LAS VEGAS — He had only performed one song, but Macklemore was already impressed with the crowd at Monday night’s private concert inside the Palms Las Vegas.
No, they weren’t very loud. And no, the attendees — mostly made up of techies attending the last event of AT&T’s Developer Summit — definitely did not know every word to every song.
But the world-famous Seattle rapper was taken aback by all the smartphones capturing his every move. In fact, he told the crowd that they beat out a group of 13-year-old New York kids he once performed for that was celebrating a Bar Mitzvah.
“I haven’t seen this many smartphones up in the air before,” he proclaimed. “I mean, that was like 100 percent, just phones.”
Monday’s performance paled in comparison to last month inside an ear-splitting Key Arena, where myself and 17,458 other screaming fans welcomed Macklemore & Ryan Lewis back home at the end of their nationwide tour.
But the uber-talented duo still put on an energetic and enjoyable show, albeit a much more subdued one. Kyle Kesterson, CEO of Seattle-based Freak’n Genius, was at the concert and offered an excellent recap.
“The crowd, being predominately tech-centric executives, couldn’t quite connect as human beings to what he was bringing,” Kesterson explained. “Instead they connected through today’s digital lighter, which resulted in a sea of glowing devices to capture and share their experience, more for the validation than the moment.”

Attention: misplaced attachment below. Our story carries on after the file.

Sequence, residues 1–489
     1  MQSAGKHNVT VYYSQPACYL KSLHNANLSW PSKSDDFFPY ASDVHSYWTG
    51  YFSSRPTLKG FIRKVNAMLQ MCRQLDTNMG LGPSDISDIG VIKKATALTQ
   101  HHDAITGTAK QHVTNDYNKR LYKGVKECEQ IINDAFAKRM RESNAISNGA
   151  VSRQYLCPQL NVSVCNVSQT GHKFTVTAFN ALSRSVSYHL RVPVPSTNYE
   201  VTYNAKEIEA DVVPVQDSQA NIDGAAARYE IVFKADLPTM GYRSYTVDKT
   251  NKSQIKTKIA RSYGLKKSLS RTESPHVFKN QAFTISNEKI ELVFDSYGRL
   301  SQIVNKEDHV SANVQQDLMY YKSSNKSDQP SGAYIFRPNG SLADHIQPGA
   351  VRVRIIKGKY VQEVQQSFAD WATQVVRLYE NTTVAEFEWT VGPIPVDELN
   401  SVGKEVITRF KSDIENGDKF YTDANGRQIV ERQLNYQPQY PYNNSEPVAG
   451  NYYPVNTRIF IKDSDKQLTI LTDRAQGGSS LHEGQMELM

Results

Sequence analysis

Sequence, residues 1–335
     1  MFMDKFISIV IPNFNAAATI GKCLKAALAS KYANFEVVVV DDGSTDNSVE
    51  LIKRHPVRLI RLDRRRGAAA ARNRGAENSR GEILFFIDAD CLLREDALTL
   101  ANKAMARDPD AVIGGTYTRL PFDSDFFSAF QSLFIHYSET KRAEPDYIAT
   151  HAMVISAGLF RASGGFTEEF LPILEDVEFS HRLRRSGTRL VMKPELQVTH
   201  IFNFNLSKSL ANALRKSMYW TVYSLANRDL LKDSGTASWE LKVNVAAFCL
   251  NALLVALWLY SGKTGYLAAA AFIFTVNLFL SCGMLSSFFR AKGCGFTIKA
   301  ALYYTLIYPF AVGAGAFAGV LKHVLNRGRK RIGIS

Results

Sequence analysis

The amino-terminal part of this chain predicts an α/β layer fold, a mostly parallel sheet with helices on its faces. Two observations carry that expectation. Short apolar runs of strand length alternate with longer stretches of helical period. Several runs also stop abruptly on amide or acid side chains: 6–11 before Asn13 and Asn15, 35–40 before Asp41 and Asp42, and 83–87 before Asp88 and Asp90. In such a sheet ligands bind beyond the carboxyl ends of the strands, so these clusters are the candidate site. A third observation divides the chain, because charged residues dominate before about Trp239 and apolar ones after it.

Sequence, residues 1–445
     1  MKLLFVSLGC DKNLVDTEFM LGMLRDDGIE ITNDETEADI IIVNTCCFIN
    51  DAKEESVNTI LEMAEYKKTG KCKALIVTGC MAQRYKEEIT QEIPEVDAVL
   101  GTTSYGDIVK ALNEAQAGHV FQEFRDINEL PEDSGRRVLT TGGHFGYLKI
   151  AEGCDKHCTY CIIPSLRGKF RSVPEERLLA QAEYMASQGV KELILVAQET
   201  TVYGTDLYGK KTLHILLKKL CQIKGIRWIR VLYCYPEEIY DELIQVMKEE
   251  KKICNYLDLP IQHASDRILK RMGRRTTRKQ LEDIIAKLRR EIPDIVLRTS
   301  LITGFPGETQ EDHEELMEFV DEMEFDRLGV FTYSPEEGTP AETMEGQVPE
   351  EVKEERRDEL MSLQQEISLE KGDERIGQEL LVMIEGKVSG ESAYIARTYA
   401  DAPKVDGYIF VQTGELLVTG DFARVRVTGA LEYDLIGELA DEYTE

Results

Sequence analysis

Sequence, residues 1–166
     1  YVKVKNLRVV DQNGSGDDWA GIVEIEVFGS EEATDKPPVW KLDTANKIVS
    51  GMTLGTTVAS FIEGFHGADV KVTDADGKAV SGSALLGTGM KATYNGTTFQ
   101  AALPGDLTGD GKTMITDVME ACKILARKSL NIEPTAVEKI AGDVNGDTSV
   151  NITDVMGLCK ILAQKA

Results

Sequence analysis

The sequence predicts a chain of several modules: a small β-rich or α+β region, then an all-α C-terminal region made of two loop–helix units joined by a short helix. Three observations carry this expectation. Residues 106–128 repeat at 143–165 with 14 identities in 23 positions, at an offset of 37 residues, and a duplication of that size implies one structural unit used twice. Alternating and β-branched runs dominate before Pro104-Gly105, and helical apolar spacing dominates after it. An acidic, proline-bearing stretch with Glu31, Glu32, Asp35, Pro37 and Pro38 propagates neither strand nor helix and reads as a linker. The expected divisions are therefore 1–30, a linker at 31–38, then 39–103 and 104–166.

But both he and Lewis appeared to believe that everyone at the club was an AT&T employee, as apparent by their constant requests for AT&T to “get loooooud,” and similar comments directed specifically at the mobile carrier.
“I need every person who reps this company to go absolutely insane,” Macklemore said at one point during the night.
The rapper also poked fun at the scene, saying that he and Lewis were “taking a break,” in 2014 and only doing corporate shows.
“We’re going to use this show to measure up against the other corporations,” he said in an effort to rile up the attendees, still thinking that everyone either worked at AT&T or loved the company.
While it took a little time to increase the energy level at the Rain nightclub — “you guys sound like Verizon,” Lewis joked earlier in the evening — many were dancing and bobbing their heads by the time the hour-long show was over (T-Mobile CEO John Legere certainly can’t say the same himself).
This wasn’t the the duo’s best show ever — I mean, how excited can one get to perform at an AT&T event, really? Yet here they were, in Vegas, dancing and rapping at a fancy corporate shindig full of people who likely had never heard more than one or two Macklemore & Ryan Lewis tracks.
And still, somehow they found a way to get people excited. I walked out of the show impressed yet again with these guys and their meteoric rise to fame.